Great Commission

A Famous Farewell

And Jesus came up and spoke to them, saying, “All authority has been given to Me in heaven and on earth. Go therefore and make disciples of all the nations, baptizing them in the name of the Father and the Son and the Holy Spirit, teaching them to observe all that I commanded you; and lo, I am with you always, even to the end of the age.”
Mat. 28:18-20, NASU

These words close the Gospel of Matthew and stand as a challenge for every Christian to fulfill this great charge of our King until His return.


This command is generic, thereby making the means of fulfilling the imperative a matter of one’s own choosing. For instance, one can go physically such as by foot, by car, by plane; one can go through media such as by newsprint, by radio, by television, by internet; one can even go by mail, through canvass mail-outs, invitations, correspondence Bible-study, etc. The methods are limitless, but the imperative is still to go in some fashion. The one type of “ministry” this command does not describe is “presence evangelism.” In this Commission, “if you build it, they will come” is not a workable philosophy.

“All the nations”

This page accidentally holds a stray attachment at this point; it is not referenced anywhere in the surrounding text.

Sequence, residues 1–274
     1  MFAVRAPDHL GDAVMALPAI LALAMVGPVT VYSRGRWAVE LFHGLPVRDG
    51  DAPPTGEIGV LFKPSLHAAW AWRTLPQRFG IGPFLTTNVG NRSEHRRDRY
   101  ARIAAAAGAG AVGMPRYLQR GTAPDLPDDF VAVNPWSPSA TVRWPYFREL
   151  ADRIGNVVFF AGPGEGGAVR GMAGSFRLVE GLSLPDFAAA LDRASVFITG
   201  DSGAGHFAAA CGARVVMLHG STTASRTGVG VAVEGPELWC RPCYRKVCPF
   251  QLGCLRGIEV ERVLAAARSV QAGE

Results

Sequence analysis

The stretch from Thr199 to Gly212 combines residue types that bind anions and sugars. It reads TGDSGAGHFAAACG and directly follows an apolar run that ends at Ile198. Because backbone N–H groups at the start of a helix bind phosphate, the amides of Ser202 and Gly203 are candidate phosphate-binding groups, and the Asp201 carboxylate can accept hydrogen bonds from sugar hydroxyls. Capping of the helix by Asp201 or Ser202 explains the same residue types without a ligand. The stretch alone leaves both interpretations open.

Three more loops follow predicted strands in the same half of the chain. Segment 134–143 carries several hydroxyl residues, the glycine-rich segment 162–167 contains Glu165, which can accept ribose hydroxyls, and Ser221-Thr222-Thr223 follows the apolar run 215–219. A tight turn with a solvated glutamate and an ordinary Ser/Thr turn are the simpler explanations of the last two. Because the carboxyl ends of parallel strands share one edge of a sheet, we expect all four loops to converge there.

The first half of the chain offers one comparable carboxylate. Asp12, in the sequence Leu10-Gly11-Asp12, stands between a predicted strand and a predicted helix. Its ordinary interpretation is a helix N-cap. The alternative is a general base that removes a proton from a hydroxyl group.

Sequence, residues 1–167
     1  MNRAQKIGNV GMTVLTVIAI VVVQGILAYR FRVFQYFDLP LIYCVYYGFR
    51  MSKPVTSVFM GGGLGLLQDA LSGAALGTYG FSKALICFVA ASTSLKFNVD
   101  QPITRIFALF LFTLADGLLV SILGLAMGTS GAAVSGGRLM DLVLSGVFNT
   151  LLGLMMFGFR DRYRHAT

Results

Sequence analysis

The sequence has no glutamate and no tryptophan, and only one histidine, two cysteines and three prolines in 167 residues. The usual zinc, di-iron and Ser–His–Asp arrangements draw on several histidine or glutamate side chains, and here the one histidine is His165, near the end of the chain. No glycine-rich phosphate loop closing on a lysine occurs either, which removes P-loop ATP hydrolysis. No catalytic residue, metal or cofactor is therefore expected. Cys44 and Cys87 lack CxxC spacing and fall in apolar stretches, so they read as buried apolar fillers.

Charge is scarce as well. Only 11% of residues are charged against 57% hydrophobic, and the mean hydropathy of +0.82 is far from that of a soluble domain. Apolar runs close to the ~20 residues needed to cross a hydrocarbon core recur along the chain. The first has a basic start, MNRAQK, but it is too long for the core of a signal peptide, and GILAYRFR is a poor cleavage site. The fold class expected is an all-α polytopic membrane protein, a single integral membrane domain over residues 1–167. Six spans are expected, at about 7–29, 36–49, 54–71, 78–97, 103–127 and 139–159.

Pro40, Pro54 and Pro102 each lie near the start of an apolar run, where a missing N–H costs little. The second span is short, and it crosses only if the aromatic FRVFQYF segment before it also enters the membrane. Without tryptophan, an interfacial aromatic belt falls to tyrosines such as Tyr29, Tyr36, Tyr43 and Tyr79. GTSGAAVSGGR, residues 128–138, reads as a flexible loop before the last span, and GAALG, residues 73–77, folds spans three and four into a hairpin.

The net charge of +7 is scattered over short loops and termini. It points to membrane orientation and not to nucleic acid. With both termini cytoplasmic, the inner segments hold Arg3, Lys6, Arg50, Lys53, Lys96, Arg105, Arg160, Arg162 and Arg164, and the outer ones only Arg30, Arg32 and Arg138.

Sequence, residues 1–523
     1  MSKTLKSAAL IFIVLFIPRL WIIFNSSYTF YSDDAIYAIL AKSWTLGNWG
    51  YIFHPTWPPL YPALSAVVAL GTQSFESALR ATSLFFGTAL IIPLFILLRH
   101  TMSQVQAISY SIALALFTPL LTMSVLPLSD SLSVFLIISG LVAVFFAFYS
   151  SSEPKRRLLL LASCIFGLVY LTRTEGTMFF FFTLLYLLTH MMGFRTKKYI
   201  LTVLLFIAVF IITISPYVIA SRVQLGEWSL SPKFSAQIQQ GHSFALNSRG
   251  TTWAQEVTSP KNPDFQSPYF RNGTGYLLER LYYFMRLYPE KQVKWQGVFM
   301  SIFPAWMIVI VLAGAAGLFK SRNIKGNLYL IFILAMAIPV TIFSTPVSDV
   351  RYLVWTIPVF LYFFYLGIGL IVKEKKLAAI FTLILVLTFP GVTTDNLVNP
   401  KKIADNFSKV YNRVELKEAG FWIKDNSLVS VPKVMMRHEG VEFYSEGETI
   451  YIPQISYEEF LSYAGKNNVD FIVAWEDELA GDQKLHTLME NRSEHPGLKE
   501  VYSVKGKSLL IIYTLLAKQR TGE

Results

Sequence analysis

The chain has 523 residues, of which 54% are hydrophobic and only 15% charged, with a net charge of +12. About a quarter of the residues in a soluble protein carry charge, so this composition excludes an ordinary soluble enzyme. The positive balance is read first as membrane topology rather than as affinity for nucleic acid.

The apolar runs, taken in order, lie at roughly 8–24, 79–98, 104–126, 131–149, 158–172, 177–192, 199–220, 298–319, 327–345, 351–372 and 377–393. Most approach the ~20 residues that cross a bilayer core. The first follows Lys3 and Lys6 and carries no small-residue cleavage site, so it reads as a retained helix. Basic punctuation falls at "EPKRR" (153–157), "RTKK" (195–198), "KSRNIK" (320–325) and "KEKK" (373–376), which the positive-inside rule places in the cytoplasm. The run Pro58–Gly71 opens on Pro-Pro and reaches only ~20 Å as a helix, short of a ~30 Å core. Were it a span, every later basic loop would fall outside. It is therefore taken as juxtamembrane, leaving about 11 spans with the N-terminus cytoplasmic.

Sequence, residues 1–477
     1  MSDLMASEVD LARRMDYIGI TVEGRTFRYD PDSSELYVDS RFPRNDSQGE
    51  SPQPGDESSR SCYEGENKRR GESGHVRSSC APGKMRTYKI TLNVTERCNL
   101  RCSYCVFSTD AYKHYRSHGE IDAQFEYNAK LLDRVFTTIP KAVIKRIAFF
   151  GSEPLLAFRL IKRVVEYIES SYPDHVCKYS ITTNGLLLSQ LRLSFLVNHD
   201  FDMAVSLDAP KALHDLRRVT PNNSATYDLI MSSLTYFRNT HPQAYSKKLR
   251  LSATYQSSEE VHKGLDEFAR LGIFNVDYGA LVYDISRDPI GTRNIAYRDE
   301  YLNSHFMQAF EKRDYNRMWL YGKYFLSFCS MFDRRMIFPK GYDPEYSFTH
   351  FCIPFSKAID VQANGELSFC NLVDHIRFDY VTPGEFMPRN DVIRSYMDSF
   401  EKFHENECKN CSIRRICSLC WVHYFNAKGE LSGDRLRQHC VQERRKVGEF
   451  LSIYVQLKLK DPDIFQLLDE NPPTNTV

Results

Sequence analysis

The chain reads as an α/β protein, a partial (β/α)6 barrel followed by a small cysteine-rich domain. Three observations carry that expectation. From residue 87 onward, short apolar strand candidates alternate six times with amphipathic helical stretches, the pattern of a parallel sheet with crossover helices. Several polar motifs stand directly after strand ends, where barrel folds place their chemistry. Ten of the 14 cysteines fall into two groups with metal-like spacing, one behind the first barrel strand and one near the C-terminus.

This phrase describes the area of impact. The area described for evangelism can simply be seen as any place where men and women are – the entire world. This phrase includes foreign nations as well as domestic areas of work, lavish rich neighbors as well as slums. This phrase does also not discriminate by race, “creed”, culture, or nationality. It is curious this phrase was seemingly ignored during the controversy over allowing Gentiles into the body of Christ – Jesus obviously always had Gentiles in mind. The same is true today – there is no place where the Gospel should be unwelcome.


This describes the first of two modifiers describing what it means to “make disciples.” The ultimate goal of evangelism should be baptism (e.g. conversion). While the necessary components of belief, confession, and repentance are included, the focus upon baptism places the emphasis on the completed conversion. Any work which does not have conversion in mind does not provide spiritual life, and is therefore a waste of time!


This describes the second of two modifiers describing what it means to “make disciples.” Ironically, this is the most oft ignored part of the Great Commission. The evangelist many times believes their work to be complete when a baptism takes place. However, one must teach a convert how to live as a Christian after they become one. Otherwise there is grave danger of relapse into the world.

A Great Challenge

The Great Commission is as challenging a call as it was in the first century. The great power of the Commission also remains the same. If Christians follow its call, we will always make disciples.

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